On 4 August 2013, Sarah Kooiman and her husband and three youngest boys attended the Milwaukee Brewers home game at Miller Park. Her son Isaiah was old enough to want a Milwaukee Brewers baseball. In Section 113, Row 17, Seat 22, and sitting next to the Kooiman family was a young man whose name Ms. Kooiman did not get. Ms. Kooiman wrote, “You couldn’t have been older than 24 or 25 and you were clearly at the ballpark yesterday to spend some time with the lovely young woman you had your arm around. Still, you made it a point to chat with Isaiah and encourage him to try to catch a foul ball and even took it upon yourself to race him down to the Brewers dugout three times in the middle of innings in the hope of getting a game ball tossed his way. You promised my son, ‘We will get you a ball, kiddo.’ (For the record, Daddy also brought Isaiah down there and struck out as well.)” Despite multiple attempts to get a Milwaukee Brewers baseball, Isaiah’s father and the young man failed. Isaiah was disappointed. But then, Ms. Kooiman wrote, this happened: “That’s when you knelt down and gave him a Milwaukee Brewers baseball. His eyes lit up, he took it from you slowly and you told him, ‘Hey, I promised you a ball.’ I’m not sure when you got that ball. Maybe it was a side thought on a run up to the concession stands for a beer or soft pretzel. Perhaps you left your seat and went to the stores specifically to get Isaiah a ball. All I know is that you still tried like crazy to get him a game ball, knowing that you had a secret backup plan in place to make my son, a complete stranger to you, feel like a million bucks.”

  1. Anonymous Good-Deed Doer

On 1 September 2013 at Chase Field in Phoenix, Arizona, the Diamondbacks played the San Francisco Giants. Diamondback outfielder Gerardo Parra tossed a game into the right-field stands. Two boys were waiting to catch the ball, and the older boy with long arms caught it, disappointing the younger boy with short arms. Fortunately, a third boy witnessed the younger boy’s disappointment, and he gave the younger boy a shiny souvenir baseball — the souvenir baseballs are not inexpensive. Broadcasters witnessed the good deed, put it on the air, and made sure that the third boy got a game ball. (The third boy also respectful handshakes from fathers in the stands watching the game — and the good deed.)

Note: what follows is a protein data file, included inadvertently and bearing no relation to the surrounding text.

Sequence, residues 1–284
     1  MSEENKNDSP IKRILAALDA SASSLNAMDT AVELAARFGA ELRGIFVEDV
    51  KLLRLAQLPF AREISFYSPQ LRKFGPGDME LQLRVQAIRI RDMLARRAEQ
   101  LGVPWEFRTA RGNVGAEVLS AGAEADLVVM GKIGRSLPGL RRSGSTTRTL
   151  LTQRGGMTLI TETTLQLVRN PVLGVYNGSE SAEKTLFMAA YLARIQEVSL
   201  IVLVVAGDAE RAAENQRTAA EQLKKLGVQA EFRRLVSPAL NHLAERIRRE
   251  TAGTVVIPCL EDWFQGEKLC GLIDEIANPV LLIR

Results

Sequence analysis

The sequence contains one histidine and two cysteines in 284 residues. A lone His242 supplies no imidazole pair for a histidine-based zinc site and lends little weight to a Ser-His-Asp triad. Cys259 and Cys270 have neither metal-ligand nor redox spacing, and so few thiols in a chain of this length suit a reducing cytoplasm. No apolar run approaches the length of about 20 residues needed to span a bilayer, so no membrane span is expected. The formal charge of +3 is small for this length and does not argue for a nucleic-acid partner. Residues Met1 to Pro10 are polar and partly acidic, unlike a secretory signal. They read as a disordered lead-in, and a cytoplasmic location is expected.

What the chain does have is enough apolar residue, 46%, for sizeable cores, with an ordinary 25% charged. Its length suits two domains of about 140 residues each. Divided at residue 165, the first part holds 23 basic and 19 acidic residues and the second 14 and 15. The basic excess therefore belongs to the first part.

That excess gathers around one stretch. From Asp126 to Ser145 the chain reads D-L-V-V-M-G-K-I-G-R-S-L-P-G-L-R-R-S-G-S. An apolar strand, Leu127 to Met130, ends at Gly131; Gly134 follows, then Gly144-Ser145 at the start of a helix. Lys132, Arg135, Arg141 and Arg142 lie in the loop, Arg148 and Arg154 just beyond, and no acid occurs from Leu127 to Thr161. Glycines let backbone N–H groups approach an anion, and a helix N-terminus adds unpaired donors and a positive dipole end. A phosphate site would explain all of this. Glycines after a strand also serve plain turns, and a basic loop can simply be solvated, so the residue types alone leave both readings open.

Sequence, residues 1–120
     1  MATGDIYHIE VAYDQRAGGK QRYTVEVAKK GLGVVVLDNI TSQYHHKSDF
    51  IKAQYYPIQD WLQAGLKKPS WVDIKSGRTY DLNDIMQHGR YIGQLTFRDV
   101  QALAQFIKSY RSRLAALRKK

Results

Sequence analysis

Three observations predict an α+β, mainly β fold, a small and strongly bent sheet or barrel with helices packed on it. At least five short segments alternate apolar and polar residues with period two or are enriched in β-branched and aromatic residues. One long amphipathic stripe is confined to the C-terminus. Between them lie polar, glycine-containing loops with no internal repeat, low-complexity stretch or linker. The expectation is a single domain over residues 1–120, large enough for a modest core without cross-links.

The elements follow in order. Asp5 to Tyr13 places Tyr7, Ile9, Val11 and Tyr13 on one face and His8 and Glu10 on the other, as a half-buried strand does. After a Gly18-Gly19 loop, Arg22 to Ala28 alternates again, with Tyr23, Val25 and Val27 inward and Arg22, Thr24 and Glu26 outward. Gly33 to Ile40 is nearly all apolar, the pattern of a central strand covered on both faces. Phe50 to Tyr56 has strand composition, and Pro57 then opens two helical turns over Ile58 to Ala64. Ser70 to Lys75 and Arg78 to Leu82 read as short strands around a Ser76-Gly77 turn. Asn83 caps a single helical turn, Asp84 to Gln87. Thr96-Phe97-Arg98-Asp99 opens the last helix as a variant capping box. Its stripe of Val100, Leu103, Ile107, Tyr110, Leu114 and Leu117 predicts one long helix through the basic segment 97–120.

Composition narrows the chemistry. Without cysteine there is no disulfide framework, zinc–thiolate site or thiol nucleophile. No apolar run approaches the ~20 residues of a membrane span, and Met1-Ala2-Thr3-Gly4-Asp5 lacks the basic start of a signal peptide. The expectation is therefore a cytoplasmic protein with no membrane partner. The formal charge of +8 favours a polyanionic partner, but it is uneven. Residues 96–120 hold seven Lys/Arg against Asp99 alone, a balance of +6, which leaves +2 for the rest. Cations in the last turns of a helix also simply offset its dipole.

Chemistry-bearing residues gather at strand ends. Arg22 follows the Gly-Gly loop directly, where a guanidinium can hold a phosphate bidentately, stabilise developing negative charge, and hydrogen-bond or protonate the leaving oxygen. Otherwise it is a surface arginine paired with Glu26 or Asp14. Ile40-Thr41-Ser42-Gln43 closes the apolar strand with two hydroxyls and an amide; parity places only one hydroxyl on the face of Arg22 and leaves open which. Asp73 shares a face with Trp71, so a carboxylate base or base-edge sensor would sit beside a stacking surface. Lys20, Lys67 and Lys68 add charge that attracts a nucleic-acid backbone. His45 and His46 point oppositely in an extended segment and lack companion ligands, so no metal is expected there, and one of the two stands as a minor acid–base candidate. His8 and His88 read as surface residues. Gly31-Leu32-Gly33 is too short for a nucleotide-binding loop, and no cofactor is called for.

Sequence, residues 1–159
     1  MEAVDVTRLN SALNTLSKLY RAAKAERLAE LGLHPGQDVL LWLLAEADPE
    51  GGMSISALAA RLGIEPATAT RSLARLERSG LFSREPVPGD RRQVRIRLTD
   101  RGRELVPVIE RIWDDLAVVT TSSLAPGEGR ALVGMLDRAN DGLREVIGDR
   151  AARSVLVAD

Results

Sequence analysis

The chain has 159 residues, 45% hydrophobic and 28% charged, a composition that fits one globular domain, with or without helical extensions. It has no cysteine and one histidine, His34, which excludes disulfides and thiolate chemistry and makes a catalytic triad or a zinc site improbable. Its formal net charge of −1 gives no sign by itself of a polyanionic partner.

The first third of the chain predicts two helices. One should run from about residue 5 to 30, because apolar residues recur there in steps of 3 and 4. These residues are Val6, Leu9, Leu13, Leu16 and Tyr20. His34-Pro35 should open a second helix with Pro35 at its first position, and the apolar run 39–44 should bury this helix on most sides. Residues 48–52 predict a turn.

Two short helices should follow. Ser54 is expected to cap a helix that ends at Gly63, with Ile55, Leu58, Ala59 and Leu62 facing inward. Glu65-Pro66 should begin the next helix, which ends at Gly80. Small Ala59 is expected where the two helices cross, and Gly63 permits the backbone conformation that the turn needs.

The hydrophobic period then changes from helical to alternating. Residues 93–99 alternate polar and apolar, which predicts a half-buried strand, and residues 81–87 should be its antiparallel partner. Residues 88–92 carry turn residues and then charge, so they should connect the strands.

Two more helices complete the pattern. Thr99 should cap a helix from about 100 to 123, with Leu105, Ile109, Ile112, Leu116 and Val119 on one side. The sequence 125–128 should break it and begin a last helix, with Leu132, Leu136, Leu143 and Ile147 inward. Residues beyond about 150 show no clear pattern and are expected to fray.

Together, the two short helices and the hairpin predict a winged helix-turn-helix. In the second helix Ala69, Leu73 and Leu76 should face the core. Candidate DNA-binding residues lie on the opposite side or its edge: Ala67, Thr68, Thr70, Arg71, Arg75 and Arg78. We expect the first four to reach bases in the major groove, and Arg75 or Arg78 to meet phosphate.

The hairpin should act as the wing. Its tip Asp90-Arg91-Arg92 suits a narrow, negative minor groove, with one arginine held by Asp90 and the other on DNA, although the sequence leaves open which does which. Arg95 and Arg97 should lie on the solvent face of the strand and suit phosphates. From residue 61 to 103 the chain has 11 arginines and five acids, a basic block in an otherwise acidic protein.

1. “I was Shocked Because He has been Wanting that Forever, and Then for Him — It’s Something Valuable — to be Okay with Giving It Up, To Make Someone Else Happy, You Know, So that was a Really Proud Moment. I was in Tears”

Lots of boys who are football fans want to get the autograph of Justin James “J.J.” Watt, defensive end of the NFL Houston Texans. In early August, 2013, Kanye Ortiz, the nine-year-old quarterback for the South Houston Wildcats who jokes that he likes football because in games you can “hit someone without getting in trouble,” got J.J.’s autograph following a Houston Texans open practice. Kanye said, “We were waiting forever to get his autograph, and then he finally came around, and I was like, ‘Yes!’” Unfortunately, another young fan did not get J.J.’s autograph: 15-year-old Zuriel Sanchez, who is in a wheelchair because he suffers from spina bifida. Kanye said, “Mom, I want to give this to the boy in the wheelchair.” His mother, Cynthia Pina Ortiz, took a photograph as Kanye gave his precious football away. Ms. Ortiz said, “You know, I was shocked because he has been wanting that forever, and then for him — it’s something valuable — to be okay with giving it up, to make someone else happy, you know, so that was a really proud moment. I was in tears.” She added, “To me, it was a really proud moment as a mother, to see my son doing that from the bottom of his heart. And I didn’t have anything to do with it. He just did it.” Zuriel, who has placed the football in a display case, said, “You know, when I was going home, Kanye came up to me and told me he wanted to give me his football, and I felt excited because no one had ever, like, done that to me.” Zuriel’s sister, Andrea Sanchez, said, “It’s gonna be special to him. Every time someone sees that ball, they’re going to ask him. It’s always gonna be that story behind it until he grows older.” Kanye said, “If you do something nice for someone, it will help you later on, and it will help you later on in life.” He added that “if you be nice and generous, God will bless you for that.”